A week or so ago a fellow Hamber showed some interest in gaining a little knowledge about using math and machines. It occured to me that probably most Hambers have never gotten the opportunity to use real industrial machinery or struggle with how to make accurate cuts with small home machines. So in that vein I decided to try and create a thread that shows the basic Trigonometry (keep reading) and how simple it can be. Hope I didn't make any obvious mistakes here, but I tried to put this together so that its easy to understand. If anyone has any questions about how to do basic machining, I'd be glad to try and help them. Anyway, here are some pictures that I hope will help anyone wanting to give machining a try.

Thanks for the refresher. Been a long time since I saw a lot of the terms you used but I do still use some of the techniques.

Thanks for posting that up, it has been a while since I used any trig. I used to have a small book that had all of the info for angles in it like you posted, it was handy as hell. Our machine tool instructor was always telling us that if you know two things about any triangle, whether it be the sines, cosines or angles, you can calculate the rest. Now we need some instruction on using a dividing head vs the rotary table

Reminds me of all those log books we had when I was an artillery surveyor in the army. Before computers you had 3 guys figuring out math problems and comparing answers to see if the guncockers hit the target. Then it went to a computer we carried in the back of a 5 ton truck powered by 2- 5 kw generators. Now you can get on your phone.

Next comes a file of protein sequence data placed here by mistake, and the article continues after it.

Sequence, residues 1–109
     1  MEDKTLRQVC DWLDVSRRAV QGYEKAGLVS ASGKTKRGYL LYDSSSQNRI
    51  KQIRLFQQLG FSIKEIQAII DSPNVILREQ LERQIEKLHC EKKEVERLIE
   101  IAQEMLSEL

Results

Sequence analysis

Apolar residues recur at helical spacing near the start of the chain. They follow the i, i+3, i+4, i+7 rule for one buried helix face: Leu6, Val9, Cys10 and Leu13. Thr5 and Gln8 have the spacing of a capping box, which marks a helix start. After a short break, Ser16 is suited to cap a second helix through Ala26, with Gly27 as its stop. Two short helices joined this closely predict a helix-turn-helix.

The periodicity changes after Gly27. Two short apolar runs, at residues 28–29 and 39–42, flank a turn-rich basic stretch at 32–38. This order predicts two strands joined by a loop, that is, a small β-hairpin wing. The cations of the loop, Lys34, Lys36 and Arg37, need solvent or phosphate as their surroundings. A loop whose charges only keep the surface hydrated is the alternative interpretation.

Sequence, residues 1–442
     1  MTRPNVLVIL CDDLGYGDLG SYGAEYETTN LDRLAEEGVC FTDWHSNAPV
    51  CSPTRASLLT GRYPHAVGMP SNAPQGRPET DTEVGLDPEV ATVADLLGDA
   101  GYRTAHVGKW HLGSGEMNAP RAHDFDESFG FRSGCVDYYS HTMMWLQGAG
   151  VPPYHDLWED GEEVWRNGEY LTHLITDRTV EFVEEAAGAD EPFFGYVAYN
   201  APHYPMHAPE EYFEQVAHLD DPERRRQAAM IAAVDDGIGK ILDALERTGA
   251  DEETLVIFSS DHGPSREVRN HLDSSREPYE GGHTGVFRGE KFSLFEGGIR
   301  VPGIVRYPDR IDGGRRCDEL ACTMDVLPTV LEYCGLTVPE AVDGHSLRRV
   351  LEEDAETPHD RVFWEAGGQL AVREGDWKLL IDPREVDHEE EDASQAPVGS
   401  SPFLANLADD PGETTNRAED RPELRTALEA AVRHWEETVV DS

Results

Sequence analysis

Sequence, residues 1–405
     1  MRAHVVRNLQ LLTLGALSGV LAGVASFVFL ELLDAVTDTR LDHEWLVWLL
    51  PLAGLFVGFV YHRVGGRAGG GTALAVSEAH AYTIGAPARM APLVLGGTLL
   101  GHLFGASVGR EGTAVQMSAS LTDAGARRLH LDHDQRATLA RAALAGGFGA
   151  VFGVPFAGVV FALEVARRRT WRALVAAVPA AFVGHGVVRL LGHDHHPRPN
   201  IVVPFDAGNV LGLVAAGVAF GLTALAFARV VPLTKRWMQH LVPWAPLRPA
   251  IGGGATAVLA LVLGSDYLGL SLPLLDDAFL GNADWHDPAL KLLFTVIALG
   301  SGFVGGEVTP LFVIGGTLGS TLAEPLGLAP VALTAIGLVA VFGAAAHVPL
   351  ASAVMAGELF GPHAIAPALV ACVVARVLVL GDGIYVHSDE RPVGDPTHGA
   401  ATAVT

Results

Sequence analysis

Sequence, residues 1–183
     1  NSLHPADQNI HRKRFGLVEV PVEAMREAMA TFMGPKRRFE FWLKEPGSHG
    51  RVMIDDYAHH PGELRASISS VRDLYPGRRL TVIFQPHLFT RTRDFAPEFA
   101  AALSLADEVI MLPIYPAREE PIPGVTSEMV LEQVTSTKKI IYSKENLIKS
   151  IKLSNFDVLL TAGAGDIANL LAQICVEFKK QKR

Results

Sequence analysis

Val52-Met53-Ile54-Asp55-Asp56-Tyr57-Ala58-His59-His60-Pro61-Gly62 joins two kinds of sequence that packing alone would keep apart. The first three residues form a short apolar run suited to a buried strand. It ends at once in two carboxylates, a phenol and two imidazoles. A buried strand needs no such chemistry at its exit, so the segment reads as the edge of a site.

Great post! I admire your teaching style. I used to do the same thing with my students, get the general idea into their heads and then go back to fill in the details. Terminology can be very intimidating which scares/turns people off impeding learning...

Remember slide rules? Good job with the math. Mechanical engineer by training. I still like mathematics. Of course today its all done with computers and analytic programs.

I google "side angle side" (because that is about all I remember) and up jump a bunch of sites that have formulas where you can plug in your knowns and they spit out the rest.

It comes easy for me since I have been doing it for 40 years. One thing I do is work from a convenient X, Y datum. Working from a 0,0 centerline is very powerful. Or a mirror line. Always sketch up what you want to do on paper first. Graph paper is best, but I have scribbled numbers on napkins and post its.

Ekimneirbo, I was the guy asking about the trigonometry. Thanks for the lesson, it was very interesting. It had never occurred to me how machinists make the parts they make before this. Where did you (and the other machinists) learn to do this kind of work? This is really fascinating stuff to me. Thanks again for taking the time to teach this to us. Sent from my iPhone using The H.A.M.B. mobile app